Hospitality Services Wins Local Food Award

Almost half of produce prepared and served on campus is local, in season

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Mark Kenny, left, with chef Gordon Cooledge from Hospitality Services. Photo by Laura Berman, GreenFuse Photos

Do you know where that apple you had with your lunch today came from? Mark Kenny probably does. And chances are, that apple traveled no more than 200 km to get to you.

Kenny’s the purchasing coordinator for Hospitality Services and he’s working hard to bring more local produce into the restaurants on campus.

“We actually have a detailed sustainability plan on our website,” says Kenny, “and it includes using more local foods as one of the strategies. We are now up to about 45 per cent local produce in season.” Some comes from the U of G research farms (including all the honey used on campus); many other items are purchased at the Elmira Produce Auction Co-operative (EPAC), where U of G is a major buyer. The amount bought from EPAC has doubled since 2009.

This commitment to finding food close to home has earned U of G’s Hospitality Services one of five Ontario’s Local Foods Champions awards, announced Feb. 22. The press release, from the Friends of the Greenbelt Foundation, praised Hospitality Services for supporting the local economy and educating consumers both on and off campus about the benefits of buying local food. Incidentally, another of Hospitality’s suppliers, Don’s Produce, was also awarded the Ontario Local Food Champion award.

Not content to rest on his laurels, Kenny, on behalf of the University, applied for and was awarded a grant from the Friends of the Greenbelt Foundation to build a produce processing facility in the basement of Creelman Hall. “The idea is that we can now buy more local produce, process it right here, and have it available to use through the winter,” he explains. He is contracting with local farmers to provide cold storage for some vegetables; other produce may be frozen.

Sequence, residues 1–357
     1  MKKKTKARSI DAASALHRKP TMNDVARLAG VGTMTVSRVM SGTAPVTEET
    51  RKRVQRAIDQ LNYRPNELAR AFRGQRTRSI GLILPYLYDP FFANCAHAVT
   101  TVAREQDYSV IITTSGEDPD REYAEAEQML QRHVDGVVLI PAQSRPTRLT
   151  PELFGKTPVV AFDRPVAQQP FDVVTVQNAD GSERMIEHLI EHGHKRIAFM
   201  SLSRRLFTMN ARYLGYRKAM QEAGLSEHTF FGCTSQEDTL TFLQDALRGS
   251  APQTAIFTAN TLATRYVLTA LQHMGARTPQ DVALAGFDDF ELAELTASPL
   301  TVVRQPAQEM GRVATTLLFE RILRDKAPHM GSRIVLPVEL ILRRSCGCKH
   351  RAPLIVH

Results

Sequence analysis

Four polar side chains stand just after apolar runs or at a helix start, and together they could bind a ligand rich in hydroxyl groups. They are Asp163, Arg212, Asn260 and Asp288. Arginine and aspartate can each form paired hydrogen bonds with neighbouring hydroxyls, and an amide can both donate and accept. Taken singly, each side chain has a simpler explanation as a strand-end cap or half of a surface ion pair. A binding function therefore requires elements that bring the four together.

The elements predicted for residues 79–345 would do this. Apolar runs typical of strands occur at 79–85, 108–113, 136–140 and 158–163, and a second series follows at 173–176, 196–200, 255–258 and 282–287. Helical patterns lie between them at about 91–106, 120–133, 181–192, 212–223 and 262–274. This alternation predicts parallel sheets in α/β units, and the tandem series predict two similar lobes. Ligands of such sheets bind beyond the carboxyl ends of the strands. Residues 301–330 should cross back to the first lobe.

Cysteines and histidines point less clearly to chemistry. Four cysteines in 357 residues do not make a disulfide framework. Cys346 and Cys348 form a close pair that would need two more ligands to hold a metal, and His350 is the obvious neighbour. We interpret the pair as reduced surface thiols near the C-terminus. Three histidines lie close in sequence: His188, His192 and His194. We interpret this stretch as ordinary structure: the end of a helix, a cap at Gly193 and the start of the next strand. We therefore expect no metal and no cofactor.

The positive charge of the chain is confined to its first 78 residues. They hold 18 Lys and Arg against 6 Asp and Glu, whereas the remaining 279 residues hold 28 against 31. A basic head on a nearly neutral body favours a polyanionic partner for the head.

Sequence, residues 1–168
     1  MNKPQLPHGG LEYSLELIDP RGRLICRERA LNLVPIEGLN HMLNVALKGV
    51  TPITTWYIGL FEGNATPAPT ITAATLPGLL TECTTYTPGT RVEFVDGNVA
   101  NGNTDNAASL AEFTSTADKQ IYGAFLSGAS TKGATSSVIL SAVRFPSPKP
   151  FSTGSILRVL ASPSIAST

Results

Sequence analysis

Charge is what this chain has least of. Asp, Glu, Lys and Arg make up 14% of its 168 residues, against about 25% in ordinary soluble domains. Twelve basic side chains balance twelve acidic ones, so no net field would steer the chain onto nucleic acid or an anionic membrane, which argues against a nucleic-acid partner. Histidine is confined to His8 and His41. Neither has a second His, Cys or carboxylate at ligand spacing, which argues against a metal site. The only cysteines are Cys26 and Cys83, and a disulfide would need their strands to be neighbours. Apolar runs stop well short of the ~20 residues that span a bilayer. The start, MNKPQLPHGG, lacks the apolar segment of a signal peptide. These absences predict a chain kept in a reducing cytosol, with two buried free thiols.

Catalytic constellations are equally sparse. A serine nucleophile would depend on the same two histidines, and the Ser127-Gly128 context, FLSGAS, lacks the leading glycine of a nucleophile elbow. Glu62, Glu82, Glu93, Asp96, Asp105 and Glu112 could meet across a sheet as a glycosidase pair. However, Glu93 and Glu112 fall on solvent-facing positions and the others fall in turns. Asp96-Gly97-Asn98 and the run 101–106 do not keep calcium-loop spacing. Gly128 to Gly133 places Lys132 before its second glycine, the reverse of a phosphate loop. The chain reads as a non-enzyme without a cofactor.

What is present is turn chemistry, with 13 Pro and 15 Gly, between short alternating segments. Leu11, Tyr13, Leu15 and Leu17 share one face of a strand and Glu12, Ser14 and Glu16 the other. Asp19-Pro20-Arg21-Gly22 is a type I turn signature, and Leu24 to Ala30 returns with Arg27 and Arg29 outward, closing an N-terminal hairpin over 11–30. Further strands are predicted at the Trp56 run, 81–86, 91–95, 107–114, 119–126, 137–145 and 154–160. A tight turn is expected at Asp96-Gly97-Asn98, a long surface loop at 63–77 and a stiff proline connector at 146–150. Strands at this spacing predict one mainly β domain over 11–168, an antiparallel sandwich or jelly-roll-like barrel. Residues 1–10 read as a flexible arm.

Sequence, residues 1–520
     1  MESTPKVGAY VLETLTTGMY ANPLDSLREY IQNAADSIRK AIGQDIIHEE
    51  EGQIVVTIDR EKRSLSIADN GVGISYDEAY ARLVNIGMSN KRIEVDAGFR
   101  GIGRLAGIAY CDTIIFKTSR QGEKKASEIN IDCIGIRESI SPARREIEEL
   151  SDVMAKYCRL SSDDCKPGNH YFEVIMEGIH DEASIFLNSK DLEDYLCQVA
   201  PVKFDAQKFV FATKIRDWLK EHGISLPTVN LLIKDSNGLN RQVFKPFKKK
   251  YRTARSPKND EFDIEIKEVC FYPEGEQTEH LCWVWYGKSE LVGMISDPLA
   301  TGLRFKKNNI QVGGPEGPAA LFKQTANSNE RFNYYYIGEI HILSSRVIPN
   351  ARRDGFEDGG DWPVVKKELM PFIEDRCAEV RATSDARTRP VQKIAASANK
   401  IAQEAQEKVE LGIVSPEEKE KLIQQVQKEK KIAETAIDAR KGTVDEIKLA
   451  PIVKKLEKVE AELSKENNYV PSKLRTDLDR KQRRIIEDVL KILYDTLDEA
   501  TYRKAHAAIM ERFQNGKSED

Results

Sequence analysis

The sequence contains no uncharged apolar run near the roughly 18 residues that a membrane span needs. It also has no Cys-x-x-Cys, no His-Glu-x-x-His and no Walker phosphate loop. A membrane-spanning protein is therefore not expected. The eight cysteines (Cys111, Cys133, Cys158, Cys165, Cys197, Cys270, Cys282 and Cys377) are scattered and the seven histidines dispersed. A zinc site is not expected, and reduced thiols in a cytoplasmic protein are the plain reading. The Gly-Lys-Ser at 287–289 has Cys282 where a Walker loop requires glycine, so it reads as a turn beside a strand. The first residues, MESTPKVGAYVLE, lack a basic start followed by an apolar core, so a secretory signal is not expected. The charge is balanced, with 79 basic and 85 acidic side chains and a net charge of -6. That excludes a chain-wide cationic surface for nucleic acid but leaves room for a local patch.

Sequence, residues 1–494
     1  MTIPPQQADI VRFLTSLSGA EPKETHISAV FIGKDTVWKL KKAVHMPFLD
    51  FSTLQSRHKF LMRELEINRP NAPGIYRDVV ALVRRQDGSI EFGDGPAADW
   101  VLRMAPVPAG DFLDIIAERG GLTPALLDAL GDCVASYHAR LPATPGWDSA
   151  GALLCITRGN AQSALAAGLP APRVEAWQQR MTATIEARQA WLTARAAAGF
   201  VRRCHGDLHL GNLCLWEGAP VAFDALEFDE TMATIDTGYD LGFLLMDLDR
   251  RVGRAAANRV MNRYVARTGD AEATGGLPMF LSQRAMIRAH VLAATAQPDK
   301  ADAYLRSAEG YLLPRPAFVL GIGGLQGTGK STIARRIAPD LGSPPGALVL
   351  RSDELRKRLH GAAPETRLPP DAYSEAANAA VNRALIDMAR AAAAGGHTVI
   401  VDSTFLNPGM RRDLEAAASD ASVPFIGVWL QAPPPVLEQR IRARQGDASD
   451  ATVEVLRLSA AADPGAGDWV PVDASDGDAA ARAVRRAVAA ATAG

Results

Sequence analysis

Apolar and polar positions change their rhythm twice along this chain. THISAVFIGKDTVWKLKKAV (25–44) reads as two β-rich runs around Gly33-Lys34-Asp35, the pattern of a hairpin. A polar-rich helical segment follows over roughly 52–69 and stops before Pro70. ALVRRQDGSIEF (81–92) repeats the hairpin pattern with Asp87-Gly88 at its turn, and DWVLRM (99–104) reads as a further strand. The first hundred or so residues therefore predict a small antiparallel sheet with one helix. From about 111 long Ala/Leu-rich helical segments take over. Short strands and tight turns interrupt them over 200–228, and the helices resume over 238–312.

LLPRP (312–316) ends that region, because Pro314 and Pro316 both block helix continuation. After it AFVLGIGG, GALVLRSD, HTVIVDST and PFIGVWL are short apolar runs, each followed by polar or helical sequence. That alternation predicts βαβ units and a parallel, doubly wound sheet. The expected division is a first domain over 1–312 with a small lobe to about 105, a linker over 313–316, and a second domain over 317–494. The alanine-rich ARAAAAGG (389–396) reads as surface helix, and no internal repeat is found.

“This saves money for us because we don’t have to bring in higher-cost produce in the winter from the U.S.,” he says. It also helps the local farmers who can increase their sales to the University.

The processing facility will be in operation by the end of March, although they will not be processing large amounts of food until later in the year.

Unlike many universities, which contract their cafeteria services out to a catering company, U of G’s Hospitality Services is able to use its own recipes. This means plenty of opportunities to incorporate local foods, and a greater variety of menu items. “We have talented chefs here with many different backgrounds, so we’re able to offer authentic ethnic foods and other unique meals,” says Kenny. He’s even brought the chefs along with him to the auction so they can see what’s available.

He’s also learned that an essential part of buying local is building relationships with local producers. Kenny is active with the Guelph-Wellington Local Food Committee, which helps to connect farmers, restaurants, institutions and consumers, and promotes the Taste Real ~ From the Ground Up campaign.

He’s also making more use of social media to build connections between producers and consumers. “Farmers just want to talk about their produce and how great it is, and people like to see the faces of the farmers and know where their food comes from,” he says. “I think we can do more of that here. We recently featured local Thatcher Farms sausage on our menus, for example, and used social media to let customers on and off campus know about what we’re doing.”

Students today are busy, he acknowledges, but they do care about their food. He says he and the entire team at Hospitality Services are proud that the U of G program has been rated the number one campus food service in Canada in the Globe and Mail’s university report for the past nine years.

“We have to stay fresh and innovative, though, so we’re always looking for ways to improve,” he says.